According to a study published last week on the website of the Journal of Microscopy, Italian researchers have confirmed that asbestos fibers can be found in the gallbladders of individuals who have been diagnosed with pleural mesothelioma. This study demonstrates that asbestos fibers breathed in through the lungs can reach remote parts of the body, potentially causing cancer and other debilitating diseases.
During the study, a team of scientist took two extremely thin slices of tissue from the gallbladders of patients who were known to have developed pleural mesothelioma. These tissue samples underwent a process known as histological study using both optical microscopes, through which doctors observed the samples visually, and energy-dispersive spectroscopy, an advanced technique that uses X-rays to analyze the sample.
The scientists also used immunohistochemical analysis to determine where the asbestos became incorporated into the gallbladder tissues. This occurred in the connective tissue of the organ.
The result of the research team’s investigation led to the discovery of both chrysotile and crocidolite, two of the most common – and most lethal – types of asbestos found in various products and materials around the world.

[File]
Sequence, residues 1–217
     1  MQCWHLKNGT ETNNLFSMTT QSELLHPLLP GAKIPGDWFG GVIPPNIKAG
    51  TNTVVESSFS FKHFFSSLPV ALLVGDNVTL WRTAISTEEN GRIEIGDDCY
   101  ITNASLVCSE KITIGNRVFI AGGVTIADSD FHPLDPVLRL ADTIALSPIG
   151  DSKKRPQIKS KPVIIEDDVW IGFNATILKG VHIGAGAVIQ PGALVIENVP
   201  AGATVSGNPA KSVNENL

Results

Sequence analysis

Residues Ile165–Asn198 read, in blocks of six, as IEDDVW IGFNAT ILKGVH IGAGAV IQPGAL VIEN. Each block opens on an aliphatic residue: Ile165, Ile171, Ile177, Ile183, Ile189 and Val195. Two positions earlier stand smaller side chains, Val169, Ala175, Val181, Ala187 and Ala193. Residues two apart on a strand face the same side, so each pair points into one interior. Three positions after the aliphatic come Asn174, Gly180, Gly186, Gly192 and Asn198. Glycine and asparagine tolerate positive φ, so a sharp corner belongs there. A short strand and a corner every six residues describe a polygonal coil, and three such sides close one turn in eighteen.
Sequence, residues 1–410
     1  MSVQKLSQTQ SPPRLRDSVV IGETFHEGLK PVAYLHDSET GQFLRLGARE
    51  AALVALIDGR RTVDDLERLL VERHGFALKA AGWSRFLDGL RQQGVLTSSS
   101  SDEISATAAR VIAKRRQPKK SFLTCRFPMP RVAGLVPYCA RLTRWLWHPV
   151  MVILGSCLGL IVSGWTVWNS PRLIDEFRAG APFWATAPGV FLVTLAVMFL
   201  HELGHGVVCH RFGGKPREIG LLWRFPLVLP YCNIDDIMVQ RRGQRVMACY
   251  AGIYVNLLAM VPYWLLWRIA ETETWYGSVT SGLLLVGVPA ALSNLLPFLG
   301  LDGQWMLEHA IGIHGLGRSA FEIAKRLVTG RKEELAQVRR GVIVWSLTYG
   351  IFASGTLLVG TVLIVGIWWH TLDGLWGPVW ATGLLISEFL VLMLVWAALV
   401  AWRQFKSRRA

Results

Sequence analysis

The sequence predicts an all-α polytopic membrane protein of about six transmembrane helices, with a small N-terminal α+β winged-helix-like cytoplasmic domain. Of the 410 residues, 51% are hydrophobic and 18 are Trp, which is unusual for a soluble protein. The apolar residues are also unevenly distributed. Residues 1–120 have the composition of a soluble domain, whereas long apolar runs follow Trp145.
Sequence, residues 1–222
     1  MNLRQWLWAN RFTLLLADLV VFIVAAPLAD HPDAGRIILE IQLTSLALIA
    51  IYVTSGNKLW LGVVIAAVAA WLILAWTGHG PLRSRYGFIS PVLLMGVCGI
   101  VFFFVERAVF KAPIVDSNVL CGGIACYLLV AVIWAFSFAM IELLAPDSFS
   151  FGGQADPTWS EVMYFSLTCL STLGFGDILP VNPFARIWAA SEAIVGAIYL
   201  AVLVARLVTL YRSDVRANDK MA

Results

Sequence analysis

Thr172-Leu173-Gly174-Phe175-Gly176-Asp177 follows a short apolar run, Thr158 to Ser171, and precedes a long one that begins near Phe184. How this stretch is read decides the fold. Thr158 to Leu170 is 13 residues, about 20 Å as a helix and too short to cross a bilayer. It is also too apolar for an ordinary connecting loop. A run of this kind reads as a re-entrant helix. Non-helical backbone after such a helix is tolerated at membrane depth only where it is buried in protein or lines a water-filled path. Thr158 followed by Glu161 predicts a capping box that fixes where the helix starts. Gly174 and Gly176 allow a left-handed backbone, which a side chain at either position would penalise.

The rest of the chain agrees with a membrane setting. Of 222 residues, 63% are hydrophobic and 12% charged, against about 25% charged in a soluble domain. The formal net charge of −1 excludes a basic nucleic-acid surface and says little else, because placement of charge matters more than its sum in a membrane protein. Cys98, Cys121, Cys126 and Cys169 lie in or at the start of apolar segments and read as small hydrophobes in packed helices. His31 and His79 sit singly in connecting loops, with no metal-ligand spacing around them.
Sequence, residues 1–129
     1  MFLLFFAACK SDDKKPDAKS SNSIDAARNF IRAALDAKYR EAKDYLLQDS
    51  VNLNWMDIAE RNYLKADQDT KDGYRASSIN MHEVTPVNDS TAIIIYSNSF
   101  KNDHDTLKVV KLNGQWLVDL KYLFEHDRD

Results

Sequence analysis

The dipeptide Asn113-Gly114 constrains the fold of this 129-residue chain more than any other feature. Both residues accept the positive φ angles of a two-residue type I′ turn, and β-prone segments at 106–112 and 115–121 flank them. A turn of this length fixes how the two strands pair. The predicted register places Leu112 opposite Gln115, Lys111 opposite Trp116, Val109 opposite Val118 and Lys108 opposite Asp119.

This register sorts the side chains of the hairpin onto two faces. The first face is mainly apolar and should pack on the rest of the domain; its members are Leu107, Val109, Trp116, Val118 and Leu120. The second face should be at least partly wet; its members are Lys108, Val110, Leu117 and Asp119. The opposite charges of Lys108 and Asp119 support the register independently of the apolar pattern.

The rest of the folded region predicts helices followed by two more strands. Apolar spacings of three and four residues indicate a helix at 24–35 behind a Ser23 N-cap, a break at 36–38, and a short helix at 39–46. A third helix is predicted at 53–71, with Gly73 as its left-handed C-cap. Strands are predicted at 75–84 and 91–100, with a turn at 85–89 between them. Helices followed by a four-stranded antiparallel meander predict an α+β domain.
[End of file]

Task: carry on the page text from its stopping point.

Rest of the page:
Asbestos has long been associated with the development of mesothelioma and other cancers, as well as a range of lung-related conditions such as asbestosis, pleural plaques and pleural effusion. Today, most scientific studies focus on identifying the exact mechanisms by which asbestos causes these diseases, as well as finding better ways to detect, diagnose, treat, and prevent mesothelioma from developing.
One of the most revealing aspects of this study is the confirmation that asbestos can travel throughout the body once it is breathed in through the lungs. While asbestos is known to play a role in both peritoneal mesothelioma (which affects the lining of the abdomen) and pericardial mesothelioma (which affects the lining of the heart), there is still some debate on exactly how the asbestos fibers move throughout the body.
By confirming that asbestos could be found in the gallbladders of pleural mesothelioma patients – whose cancer originated in the linings of the lungs – doctors now have further evidence that the detrimental effects of breathing asbestos goes well beyond just the lungs themselves, and could potentially be implicated in other cancers and related diseases.
While the Italian research team that worked on this study only looked at the gallbladder, the techniques they used could become a blueprint for studying the presence of asbestos in other areas of the body. Hopefully, such work will lead to additional insights as to how asbestos travels through the body.